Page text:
Affordable housing, quality of life dominate debate in midvalley
The review of a midvalley development proposal Tuesday night became a classic case of the debate over the need for affordable housing versus a strong desire to preserve the quality of life and safe living conditions.
About 20 people provided public comments to the Eagle County commissioners about The Fields, a subdivision proposal for as many as 110 residences along Valley Road, across Highway 82 from Blue Lake. The speakers were against the proposal by a 3-to-1 margin. The Eagle County commissioners continued the hearing after a five-hour hearing in El Jebel.
Numerous residents of Valley Road said they understand the property can be developed, they just don’t want zoning increased to the level sought by the developers. Current zoning allows one house per two acres. The developers want roughly 5.6 units per acre.
Numerous speakers said Valley Road isn’t constructed to handle existing traffic, let alone another 100 homes. They said they purchased their houses with the understanding that the adjacent horse pasture and surrounding land was zoned “rural residential,” with large lots.
“You can only stuff so much in the area, but it looks like you’re trying to stuff your pockets,” said Pam Wood, a resident of the adjacent Summit Vista subdivision and president of the homeowners association, to the development team.
Dana High, another Summit Vista resident, said she moved to the midvalley area years ago for the rural feel.
“I think you should deny this for the preservation of the lifestyle that we all moved here for,” High said. “This will destroy it.”
But supporters said the project is worthwhile because it will provide 24 to 27 deed-restricted affordable-housing units. The free-market component would feature 27 single-family homes of around 2,100 square feet, 26 duplexes of about 1,800 square feet and 32 larger duplexes — housing allegedly more attainable than most of the valley’s stock.
“There’s no one here speaking for the people who don’t have homes,” Vanessa Kirianoff said. Two-acre lots aren’t affordable in the Roaring Fork Valley, she noted.
Molly Potts countered that affordable housing can’t be added at the expense of other factors, like safety of neighborhood residents.
“Affordable housing is an issue and we need to address it, but this isn’t the development to do it,” Potts said.
Two construction industry workers said they would welcome affordable housing opportunities. Rich, whose last name was unavailable, said he commutes from New Castle but would prefer to move into the Roaring Fork Valley so he spends less time driving and more time with his kids.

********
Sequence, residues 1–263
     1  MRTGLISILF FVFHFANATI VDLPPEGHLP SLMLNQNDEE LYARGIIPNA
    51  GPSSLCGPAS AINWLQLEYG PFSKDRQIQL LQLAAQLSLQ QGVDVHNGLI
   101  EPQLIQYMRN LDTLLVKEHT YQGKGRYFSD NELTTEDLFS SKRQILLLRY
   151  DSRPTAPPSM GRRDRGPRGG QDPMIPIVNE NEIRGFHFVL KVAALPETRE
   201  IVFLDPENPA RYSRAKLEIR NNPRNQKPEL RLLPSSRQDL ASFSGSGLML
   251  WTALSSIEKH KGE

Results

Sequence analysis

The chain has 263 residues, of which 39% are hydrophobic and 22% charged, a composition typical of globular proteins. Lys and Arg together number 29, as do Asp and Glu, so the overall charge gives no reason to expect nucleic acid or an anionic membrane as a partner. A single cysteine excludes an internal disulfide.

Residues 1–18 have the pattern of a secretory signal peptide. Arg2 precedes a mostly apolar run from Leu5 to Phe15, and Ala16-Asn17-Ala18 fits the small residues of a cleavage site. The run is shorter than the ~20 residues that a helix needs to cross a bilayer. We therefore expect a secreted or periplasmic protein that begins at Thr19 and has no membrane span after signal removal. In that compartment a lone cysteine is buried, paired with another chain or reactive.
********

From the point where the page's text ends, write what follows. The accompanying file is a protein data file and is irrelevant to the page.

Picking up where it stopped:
Nathan Vetter said he rents in Missouri Heights but wants a greater opportunity to own affordable housing. “I hope we can find some middle ground here,” he said.
Neighborhood resident Jeff White gave emotional testimony when he said Crown Mountain Park is only 150 yards from his home and he takes his three little girls there often, “but it’s a scary 150 yards.” The traffic levels and lack of shoulders or bike paths makes the trip precarious for the girls, he said. He questioned the accuracy of the developer’s traffic study that claimed The Fields would add only a small amount of traffic to the overall mix.
He asked the county commissioners to consider “maybe drawing a line and thinking about a moratorium for this part of the valley.”
County commissioners Jeannie McQueeney, Jill Ryan and Kathy Chandler-Henry didn’t declare a moratorium but they did provide the development team with a list of questions they want answered in future deliberations. Those include traffic impacts on Valley Road and Highway 82.
The Fields has two strikes against it. The Roaring Fork Valley Regional Planning Commission voted 4-1 this winter to recommend denial after heavy public input. The planning staff also recommended denial for traffic-related reasons.
The commissioners continued the hearing to an unspecified date. The hearing will be held again in El Jebel.
Support Local Journalism
Support Local Journalism
Readers around Aspen and Snowmass Village make the Aspen Times’ work possible. Your financial contribution supports our efforts to deliver quality, locally relevant journalism.
Now more than ever, your support is critical to help us keep our community informed about the evolving coronavirus pandemic and the impact it is having locally. Every contribution, however large or small, will make a difference.
Each donation will be used exclusively for the development and creation of increased news coverage.
Start a dialogue, stay on topic and be civil.
If you don't follow the rules, your comment may be deleted.
User Legend: Moderator Trusted User
In Snowmass Village and the Roaring Fork Valley, an ever-changing supply and demand equation impacted by COVID-19 continues to mold the landscape of child care services.